I’ve never been a huge fan of city building sims. Though many can see their allure, I’ve always found the time spent sifting through menus boring and frustrating. Kingdom subverts typical expectations of the genre by providing a stripped back city building sim devoid of menus, UI and even tutorials. With the first game releasing in 2015 and expanding with New Lands in 2016, Kingdom Two Crowns builds on these foundations by adding a number of improvements, quality of life changes and new content.
The premise of Kingdom is simple: build, expand and defend your kingdom. Each game starts the same way as your ruler rides into a basic settlement and you start hiring local vagrants and put them work as archers, builders, and eventually farmers. At the beginning of each game day, you receive money from a trader who lives just outside of your kingdom. Archers will also collect money for each animal they kill, and there are sometimes chests outside your kingdom that provide income.
Balance is vital in Kingdom, as you must expand while ensuring you have also fortified your defences enough to withstand the evil forces present in game. Greed, as they are referred to, will attack your kingdom during the night. They will rob your citizens of their tools and revert them back to being vagrants, and should they attack the you, the greed will steal gold and ultimately the crowd on your head. At that point it’s game over. Dealing with the Greed can be tense, especially when you meet the stronger units later in the game.
Though the original played as a roguelite that always reset you back to the very beginning, Kingdom Two Crowns instead sees players traversing a number of islands. Death no longer completely resets progress, as you are now able to continue from the previous island should you have made it past the first, with your next reign seeing you rebuilding from a kingdom that has decayed for a period of time in your absence. This is a welcome addition that provides players with a clearer motivation for progressing, while limiting some of the frustration of the previous Kingdom games and some of the chore of working through the early game.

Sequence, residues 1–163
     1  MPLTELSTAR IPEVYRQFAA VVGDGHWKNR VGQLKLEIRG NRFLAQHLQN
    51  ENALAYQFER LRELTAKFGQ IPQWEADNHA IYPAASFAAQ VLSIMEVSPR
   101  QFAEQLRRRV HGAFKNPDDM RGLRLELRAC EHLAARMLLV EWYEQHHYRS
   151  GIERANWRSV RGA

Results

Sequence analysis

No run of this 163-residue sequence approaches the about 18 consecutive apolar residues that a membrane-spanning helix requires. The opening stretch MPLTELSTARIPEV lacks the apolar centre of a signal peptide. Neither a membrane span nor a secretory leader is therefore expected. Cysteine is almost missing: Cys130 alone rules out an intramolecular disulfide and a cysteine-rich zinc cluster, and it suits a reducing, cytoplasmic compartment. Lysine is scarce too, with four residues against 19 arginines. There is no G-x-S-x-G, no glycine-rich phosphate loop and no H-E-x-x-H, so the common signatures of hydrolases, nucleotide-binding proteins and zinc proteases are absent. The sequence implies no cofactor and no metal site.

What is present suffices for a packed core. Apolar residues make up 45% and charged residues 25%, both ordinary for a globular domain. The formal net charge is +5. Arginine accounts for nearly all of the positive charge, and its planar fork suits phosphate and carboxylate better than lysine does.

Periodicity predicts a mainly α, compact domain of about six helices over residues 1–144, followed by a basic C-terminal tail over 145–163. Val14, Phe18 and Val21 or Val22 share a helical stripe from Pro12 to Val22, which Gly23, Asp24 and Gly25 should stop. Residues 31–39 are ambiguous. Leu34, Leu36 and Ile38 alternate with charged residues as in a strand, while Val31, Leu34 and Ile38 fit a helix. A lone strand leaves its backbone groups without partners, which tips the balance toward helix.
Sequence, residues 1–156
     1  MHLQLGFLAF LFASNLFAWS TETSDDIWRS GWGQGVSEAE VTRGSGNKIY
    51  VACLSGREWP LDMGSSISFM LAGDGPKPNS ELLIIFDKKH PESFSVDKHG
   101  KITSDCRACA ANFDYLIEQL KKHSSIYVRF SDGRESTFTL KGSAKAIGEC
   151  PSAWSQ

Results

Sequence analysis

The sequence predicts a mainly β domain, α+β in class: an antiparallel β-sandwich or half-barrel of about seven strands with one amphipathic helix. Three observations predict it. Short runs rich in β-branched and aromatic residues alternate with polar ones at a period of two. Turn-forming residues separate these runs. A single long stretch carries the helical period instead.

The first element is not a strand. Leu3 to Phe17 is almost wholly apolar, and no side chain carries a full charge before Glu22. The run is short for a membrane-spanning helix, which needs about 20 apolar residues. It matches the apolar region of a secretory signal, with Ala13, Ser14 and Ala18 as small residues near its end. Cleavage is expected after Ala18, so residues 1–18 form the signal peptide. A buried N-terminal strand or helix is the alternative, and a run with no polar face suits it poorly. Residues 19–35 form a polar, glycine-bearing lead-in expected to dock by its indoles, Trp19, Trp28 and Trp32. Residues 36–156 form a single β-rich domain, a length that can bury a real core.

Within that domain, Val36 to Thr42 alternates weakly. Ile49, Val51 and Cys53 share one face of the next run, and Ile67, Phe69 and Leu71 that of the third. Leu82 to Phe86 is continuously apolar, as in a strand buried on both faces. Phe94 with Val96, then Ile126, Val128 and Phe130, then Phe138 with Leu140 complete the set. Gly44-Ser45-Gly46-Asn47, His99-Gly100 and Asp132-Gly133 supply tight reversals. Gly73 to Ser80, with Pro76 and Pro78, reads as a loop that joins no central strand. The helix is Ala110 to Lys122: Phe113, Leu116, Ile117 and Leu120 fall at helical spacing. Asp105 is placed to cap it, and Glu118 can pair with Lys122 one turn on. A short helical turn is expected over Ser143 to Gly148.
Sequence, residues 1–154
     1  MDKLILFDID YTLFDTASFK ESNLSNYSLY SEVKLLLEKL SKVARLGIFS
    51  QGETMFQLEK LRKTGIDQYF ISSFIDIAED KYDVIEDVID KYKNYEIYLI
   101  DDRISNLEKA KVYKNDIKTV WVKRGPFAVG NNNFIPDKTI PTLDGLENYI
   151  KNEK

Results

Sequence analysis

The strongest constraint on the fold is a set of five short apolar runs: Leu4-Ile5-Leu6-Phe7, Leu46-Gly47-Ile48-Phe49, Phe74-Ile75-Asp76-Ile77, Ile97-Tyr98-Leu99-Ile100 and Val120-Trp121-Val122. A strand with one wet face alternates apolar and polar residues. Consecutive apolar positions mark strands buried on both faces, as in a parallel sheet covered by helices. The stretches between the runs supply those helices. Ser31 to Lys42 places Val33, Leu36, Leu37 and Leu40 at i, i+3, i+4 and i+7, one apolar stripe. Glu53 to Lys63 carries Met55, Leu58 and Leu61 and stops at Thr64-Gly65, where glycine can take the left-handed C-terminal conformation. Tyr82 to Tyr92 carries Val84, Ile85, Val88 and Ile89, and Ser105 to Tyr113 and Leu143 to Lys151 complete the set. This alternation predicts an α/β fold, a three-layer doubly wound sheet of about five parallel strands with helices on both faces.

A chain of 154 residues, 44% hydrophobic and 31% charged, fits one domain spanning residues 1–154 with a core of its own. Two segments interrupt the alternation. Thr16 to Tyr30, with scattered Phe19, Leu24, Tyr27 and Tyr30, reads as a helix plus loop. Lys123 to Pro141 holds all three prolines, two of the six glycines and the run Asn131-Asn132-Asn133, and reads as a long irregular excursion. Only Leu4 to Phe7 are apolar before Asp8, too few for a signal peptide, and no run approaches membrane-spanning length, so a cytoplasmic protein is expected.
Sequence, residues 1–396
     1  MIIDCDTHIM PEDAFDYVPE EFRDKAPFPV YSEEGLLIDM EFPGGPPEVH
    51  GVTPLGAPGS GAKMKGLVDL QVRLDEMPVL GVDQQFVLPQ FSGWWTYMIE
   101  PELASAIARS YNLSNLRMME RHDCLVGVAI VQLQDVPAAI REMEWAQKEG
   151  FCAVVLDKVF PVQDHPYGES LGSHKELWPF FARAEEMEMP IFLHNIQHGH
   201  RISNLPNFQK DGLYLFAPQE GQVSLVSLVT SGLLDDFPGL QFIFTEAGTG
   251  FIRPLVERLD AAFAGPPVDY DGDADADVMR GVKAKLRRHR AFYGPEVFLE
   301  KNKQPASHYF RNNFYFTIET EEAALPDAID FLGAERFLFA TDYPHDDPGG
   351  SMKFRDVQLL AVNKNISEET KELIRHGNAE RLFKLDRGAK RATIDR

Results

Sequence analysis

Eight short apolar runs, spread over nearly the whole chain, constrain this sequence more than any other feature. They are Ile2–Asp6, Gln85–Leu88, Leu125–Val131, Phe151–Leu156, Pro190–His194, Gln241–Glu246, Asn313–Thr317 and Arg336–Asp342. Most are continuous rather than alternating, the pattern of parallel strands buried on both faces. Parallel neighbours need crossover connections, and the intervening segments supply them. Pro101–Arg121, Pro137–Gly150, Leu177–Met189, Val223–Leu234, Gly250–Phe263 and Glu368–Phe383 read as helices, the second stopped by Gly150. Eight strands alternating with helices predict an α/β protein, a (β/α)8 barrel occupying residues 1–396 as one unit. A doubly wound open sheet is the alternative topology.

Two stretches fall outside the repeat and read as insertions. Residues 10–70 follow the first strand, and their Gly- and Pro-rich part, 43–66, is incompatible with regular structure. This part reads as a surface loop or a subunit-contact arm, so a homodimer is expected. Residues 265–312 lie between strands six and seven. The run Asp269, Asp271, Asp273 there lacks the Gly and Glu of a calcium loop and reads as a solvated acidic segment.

Loneliness was often a key theme of the previous titles. Even with a large number of subjects and an expansive Kingdom, the player was always alone in their decision making, leading a large pack from the front. Two Crowns changes this with the addition of cooperative multiplayer. Two friends can now work together locally or online via Steam to expand their kingdom and defeat the ever approaching Greed.
While I was initially worried that cooperative play would ruin the game’s sense of isolation, it actually adds an entirely different dynamic to the game. Where you would initially have to consider every element of your kingdom, the addition of coop allows you and a buddy to micromanage the various aspects of it instead. One person can focus on expanding the kingdom while the other explores and searches for treasure. It’s also opens the game up to those who may have been intimidated by the difficulty, providing a less daunting and mechanically easier experience.
Another new addition to Kingdom Two Crowns are the different biomes. They are not as substantial as some of the other updates in the game, but the biomes do provide returning players with a slightly different visual experience. There are currently two biomes in the game, the original Kingdom experience and the Shogun biome, with more planned for the future. However, nothing has been stated around when they’ll be coming and if they will be paid additions.
It’s worth mentioning just how excellent Kingdom Two Crowns looks. The developer’s commitment to using minimal UI meant that the visual design was kept incredibly simple, but this simplicity results in some stunning environmental imagery. My favourite example of this is the sun rise at the beginning of each in-game day, which serves as a visual delight as well as a providing the relief that you’ve managed to survive another night.
Even with a number of refinements and the inclusion of cooperative multiplayer, Kingdom Two Crowns is still a crushingly difficult game. While some of the difficulty has been curbed by the reduced death penalty, it’s a game that you have to spend a lot of time playing before you really feel a sense of achievement. I do worry this could be too much of an investment for some players, but I do think the experience warrants the invested time.
Kingdom Two Crowns feels more like an extensive update than a new entry to the series, but the base game is still so immensely enjoyable that it doesn’t really matter. This is the perfect starting point for new players, and those who are returning might still be surprised by some of the secrets to be found.
Version tested: Nintendo Switch – Also available for PS4, Xbox One & PC